The anti-twist stuff can be achieved at least in a "push" way with bodyweight exercises like the one arm pushup and pistol, but even these big moves are not "big pulls" so somehow or other one ought to find some kind of weight to either deadlift, swing or snatch to strengthen the very important back strength chain.

    In any case, I think with one kettlebell (24kg for snatching, or 32kg for swinging, one handed of course) added onto the pullup bar and dipping station, I'd feel I'd have enough stuff to become "very strong" by my own reckoning of what that means, which is likely similar to what you are thinking.

    I totally agree that no one needs a gym membership to "get strong", although I cannot say with a straight face that I can get "as strong as" someone who deadlifts 700lbs, just with a few kettlebells and a pullup bar, hahaha! That person is most certainly stronger than I am... but that is what I call "extremely strong". As far as "very strong", yes, I can achieve that with very little equipment indeed, but please, at least a kettlebell of at least a third my bodyweight! :)
     
    Lee, Maine-ah KB, pet' and 1 other person like this.
  10. WhatWouldHulkDo

    WhatWouldHulkDo Quadruple-Digit Post Count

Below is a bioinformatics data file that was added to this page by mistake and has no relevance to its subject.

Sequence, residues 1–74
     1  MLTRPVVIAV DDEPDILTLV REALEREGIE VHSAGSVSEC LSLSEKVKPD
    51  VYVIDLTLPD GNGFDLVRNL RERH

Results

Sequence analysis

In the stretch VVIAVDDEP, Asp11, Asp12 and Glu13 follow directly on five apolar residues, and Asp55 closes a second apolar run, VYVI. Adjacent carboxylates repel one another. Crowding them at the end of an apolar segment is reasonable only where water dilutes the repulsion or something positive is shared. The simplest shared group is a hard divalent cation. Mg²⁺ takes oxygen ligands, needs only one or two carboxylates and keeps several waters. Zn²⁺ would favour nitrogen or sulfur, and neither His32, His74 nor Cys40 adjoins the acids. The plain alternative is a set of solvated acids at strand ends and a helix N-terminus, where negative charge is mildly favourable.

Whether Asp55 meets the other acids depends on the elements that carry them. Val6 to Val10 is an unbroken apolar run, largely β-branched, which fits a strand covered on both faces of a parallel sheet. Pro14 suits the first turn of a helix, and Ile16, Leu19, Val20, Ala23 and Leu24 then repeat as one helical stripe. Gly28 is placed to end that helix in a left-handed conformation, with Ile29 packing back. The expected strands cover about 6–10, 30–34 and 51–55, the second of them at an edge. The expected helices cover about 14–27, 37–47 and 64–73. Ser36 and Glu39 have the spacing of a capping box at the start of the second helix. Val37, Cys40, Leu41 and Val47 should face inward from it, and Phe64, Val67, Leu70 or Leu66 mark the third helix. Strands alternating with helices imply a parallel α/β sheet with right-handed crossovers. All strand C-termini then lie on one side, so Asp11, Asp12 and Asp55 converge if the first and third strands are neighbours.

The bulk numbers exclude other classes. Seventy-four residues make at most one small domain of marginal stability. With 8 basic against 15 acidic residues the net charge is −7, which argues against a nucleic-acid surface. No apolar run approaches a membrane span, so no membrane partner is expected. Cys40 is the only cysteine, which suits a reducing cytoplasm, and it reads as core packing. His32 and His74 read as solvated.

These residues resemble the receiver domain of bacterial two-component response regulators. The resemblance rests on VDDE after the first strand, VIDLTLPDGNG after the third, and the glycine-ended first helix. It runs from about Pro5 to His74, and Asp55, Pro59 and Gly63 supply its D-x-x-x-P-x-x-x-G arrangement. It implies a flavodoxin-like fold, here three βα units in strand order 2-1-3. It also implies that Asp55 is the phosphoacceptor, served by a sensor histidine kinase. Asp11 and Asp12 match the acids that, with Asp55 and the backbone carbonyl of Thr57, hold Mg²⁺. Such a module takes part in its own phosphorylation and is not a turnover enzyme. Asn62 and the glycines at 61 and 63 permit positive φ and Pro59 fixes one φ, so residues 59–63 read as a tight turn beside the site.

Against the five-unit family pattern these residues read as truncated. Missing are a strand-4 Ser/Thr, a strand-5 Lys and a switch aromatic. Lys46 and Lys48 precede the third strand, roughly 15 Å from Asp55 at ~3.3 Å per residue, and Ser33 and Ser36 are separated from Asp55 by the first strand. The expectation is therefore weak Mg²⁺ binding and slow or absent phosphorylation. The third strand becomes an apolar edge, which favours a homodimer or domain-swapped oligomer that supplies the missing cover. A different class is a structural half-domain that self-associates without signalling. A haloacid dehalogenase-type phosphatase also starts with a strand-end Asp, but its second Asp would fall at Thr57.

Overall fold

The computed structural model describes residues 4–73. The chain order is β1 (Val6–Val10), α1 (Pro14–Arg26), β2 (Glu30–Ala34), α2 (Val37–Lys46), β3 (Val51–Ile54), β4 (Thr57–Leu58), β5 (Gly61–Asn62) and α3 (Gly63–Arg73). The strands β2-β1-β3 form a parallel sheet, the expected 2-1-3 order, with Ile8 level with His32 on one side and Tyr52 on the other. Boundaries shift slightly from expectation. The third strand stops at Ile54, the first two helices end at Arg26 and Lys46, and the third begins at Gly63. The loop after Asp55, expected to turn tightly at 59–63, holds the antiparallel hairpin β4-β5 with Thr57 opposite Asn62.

StrongFirst doesn't show much love to the burpee... but I think, done as a low-rep power exercise rather than continuous beat-down, they're great power training. It's pretty much a jump squat and a power pushup glued together by a hinge.

    I do them in sets of 3 with lots of rest in between, primarily for volleyball training - jumping higher, and getting up quickly after hitting the ground.

    Probably wouldn't fit into the Q&D rep/timing scheme, of course. But I think they're a good alternative.
     
  11. Anna C

    Anna C More than 5000 posts Certified Instructor

    I do them really slow and call them "sun salutations" ;)
     
  12. Bauer

    Bauer More than 500 posts

    Keep in mind that Q&D calls for exercises that continually load the same muscle group. So it would be better to use jump squats and power pushups seperately rather than to combine them.
     
    Last edited: Aug 16, 2019
  13. pet'

    pet' More than 5000 posts

    Hello,

    I tend to agree with @WhatWouldHulkDo A burpee performed with proper technique, can generate a great output. When I do them, I really feel it. However, I do not feel as much output when I do a jump squat, and then a push up (power push up or not).

    If one wants to do the 2 moves separately, I would rather do some kind of "circuit": 15 seconds of jump squats, then immediately after, 15s of push ups.

    Even if this is not a true "no equipment" move, the rubber band deadlift can also be a good alternative. This is a piece of equipment I always have with me on the go. I perform some kind of "trap bar deadlift" (this way I do not even have to get a bar / stick). It works well. That way I can do my "big pull" anywhere anytime. It does not take place in a bag.

    Kind regards,

    Pet'
     
  14. Bauer

    Bauer More than 500 posts

    Nice idea!
     
    pet' likes this.